Review: LimeBike’s electric scooters are underrated
By Isabelle Bennett, Features Editor
I spent this year’s short summer out of town, so one could imagine the curiosity I felt when I returned to my downtown dwelling only to find that the city I’d previously known and loved had become saturated with something I’d never seen before: electric scooters. To pique my interest further, a huge percentage of them were identically, lime green.
I recognized the branding from the bikes that LimeBike had released earlier this year, so I could assume that the scooters were likely another mode of transportation where users could pick one up wherever, pay a fee per minute of use, and leave it wherever is convenient for them. The biggest difference I identified between their products (aside from the obvious, one was a bike and one was a scooter) was that I already had a bike, but I’d never even tried an electric scooter — and I desperately, desperately wanted to.
It felt urgent, and subsequent flashbacks to my youth led me to understand why. After a childhood of missing out on the biggest toy crazes, these electric scooters felt like the slightly-grownup version of the Skip-Its, Barbies and Heelys I had missed out on, and they were right there.
As a 21-year-old woman, I realize that Skip-Its are weird toys that lead to loneliness and extremely unbalanced leg muscles. I’ve let go of the Barbie too (and necessarily reevaluated my ideals of beauty). I still think Heelys are incredibly cool, but I have yet to find them anywhere in adult sizes — I’m holding out hope while simultaneously preparing to use that anecdote in the speech I’ll give my future children when I break the news to them that life is just not fair.
These scooters on the other hand, were extremely accessible — by that, I mean they were absolutely everywhere. The process of becoming a user was simple, too — all I had to do was download the app and enter my credit card information before finding a scooter. I chose to upload a whopping $5 credit to my account, which allowed me to ride for 15 minutes. Ordinarily there would have been a $1 activation fee, but it was easy to track down a referral code which I redeemed for one free unlock. You can get the same deal by entering the referral code exclusively for Reflector readers RZYWGTK, which may or may not give me a free unlock as well — thank you and you’re welcome.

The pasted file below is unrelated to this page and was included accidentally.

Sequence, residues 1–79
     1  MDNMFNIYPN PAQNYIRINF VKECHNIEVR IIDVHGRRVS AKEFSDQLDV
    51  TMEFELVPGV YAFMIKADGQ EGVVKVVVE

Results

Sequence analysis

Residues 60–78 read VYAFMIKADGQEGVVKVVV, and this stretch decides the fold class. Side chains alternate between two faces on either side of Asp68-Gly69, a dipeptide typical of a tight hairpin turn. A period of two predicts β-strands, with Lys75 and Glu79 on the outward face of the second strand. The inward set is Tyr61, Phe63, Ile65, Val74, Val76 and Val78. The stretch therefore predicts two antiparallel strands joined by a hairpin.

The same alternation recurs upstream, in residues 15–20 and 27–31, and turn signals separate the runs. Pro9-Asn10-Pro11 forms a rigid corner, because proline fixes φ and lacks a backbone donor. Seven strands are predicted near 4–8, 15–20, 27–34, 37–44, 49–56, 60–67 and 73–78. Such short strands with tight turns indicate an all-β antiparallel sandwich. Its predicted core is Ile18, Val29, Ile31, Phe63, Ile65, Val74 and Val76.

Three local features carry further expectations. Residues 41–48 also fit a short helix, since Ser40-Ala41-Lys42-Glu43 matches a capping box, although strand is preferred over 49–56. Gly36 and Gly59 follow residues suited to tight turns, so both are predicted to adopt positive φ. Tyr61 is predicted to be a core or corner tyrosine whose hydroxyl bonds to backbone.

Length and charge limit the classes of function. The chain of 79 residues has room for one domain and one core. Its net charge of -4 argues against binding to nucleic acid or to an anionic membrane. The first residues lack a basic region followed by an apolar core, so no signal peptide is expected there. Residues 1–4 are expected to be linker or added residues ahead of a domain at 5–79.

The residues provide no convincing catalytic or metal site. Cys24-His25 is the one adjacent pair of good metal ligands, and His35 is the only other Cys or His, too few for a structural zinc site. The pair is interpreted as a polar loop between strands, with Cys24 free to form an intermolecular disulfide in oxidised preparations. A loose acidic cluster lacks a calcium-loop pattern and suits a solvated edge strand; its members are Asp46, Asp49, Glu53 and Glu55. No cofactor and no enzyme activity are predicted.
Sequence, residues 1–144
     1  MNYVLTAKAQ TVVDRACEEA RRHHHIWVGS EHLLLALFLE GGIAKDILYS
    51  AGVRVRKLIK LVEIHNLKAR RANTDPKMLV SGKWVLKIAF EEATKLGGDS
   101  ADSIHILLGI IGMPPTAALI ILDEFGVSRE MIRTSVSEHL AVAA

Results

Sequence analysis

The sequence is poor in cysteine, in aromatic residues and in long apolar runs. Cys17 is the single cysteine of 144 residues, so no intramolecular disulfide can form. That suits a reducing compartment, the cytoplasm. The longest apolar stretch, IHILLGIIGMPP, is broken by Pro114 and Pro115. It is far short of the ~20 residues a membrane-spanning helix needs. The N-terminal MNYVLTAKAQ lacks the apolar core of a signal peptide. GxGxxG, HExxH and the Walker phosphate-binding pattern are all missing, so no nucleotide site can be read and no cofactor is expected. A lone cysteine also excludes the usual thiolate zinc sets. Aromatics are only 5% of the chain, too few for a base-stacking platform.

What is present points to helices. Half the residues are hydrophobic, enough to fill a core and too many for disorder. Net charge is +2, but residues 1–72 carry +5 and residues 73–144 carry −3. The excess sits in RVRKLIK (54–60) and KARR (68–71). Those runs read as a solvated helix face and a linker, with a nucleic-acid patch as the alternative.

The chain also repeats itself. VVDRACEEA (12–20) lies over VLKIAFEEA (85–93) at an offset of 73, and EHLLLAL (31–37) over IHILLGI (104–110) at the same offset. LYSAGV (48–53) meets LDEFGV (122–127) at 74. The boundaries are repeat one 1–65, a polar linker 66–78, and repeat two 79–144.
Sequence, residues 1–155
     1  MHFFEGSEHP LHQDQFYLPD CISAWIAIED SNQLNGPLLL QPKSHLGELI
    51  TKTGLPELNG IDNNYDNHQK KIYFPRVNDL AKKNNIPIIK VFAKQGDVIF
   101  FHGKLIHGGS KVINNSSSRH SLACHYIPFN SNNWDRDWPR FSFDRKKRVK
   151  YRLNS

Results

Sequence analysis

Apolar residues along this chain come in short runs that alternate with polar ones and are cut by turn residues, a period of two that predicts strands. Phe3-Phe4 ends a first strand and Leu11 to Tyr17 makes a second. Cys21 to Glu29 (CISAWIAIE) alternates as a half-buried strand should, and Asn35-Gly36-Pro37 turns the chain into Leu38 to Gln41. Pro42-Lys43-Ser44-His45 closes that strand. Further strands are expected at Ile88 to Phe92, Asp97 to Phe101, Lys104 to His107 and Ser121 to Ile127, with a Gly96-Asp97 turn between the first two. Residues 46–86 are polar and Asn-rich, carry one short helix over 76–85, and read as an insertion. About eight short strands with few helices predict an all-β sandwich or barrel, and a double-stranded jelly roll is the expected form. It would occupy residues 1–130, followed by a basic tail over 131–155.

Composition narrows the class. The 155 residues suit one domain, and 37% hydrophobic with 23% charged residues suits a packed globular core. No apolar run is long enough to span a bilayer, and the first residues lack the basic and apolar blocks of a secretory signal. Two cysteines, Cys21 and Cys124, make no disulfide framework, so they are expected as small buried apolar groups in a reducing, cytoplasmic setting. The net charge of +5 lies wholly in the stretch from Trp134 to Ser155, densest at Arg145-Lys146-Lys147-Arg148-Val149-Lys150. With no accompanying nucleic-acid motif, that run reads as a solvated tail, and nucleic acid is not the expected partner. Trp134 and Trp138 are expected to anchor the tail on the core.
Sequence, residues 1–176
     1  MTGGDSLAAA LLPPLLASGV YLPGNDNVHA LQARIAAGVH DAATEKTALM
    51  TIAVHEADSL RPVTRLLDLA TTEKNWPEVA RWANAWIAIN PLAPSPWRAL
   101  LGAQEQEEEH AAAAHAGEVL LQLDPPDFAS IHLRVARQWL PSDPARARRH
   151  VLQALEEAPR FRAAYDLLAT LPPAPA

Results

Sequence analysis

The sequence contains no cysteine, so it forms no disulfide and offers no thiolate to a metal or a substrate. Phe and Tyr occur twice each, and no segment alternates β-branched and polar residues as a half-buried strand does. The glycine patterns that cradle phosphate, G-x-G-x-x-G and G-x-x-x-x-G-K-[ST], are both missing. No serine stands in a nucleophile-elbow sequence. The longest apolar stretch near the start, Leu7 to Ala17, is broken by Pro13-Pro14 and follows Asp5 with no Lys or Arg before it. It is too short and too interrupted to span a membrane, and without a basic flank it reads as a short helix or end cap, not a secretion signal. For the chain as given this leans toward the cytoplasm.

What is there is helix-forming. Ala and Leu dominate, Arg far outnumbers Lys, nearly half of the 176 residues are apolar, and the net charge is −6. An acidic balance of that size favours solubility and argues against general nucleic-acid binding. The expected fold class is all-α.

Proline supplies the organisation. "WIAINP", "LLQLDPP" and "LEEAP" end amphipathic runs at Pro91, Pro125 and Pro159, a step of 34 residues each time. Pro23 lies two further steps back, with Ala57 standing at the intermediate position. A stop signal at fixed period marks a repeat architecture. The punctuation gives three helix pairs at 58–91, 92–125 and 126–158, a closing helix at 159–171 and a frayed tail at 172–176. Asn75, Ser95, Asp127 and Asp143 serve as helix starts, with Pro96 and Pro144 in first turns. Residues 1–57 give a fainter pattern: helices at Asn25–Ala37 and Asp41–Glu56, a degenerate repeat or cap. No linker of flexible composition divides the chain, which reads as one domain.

A note: those familiar with Calgary’s electric scooter scene might have noticed that I have centred this article around the Lime scooters and ignored Bird scooters except in vague generalizations. The reason for this is because I think Bird scooters are dumb. They lack the screen that Lime scooters have which shows users how fast they’re going (from my experience, Lime scooters cap at around 20 km/h, FYI) and they’re $0.05 more per minute (Lime charges $0.30 per minute) with a higher activation fee (Lime charges $1 to get started while Bird charges $1.25). That considered, Bird appears to offer literally no advantages over Lime, except arguably being an opportunity for the rich and famous to flex their egos. I, however, find financial responsibility much more admirable and silently judge Bird users every time I see them, but you do you, boo.
Finally and most importantly, I must acknowledge that these scooters are frigging fun. Honestly, I don’t think they are a very practical mode of transportation considering their limited speed and storage in comparison to other alternatives. It also seems unlikely that people would use them for far enough distances to make it worthwhile to scoot somewhere rather than using the totally free and healthful alternative called walking. But if you’re wanting a great date idea, friend activity, or a way to get some fresh air flying solo, this is for you. One of my favourite experiences with them so far was scooting across Peace Bridge, along the river, back across to Prince’s Island Park, and home again after sunset. I hate to be melodramatic, but nothing compares to the wind in my hair, the city lights at night, and a dream fulfilled.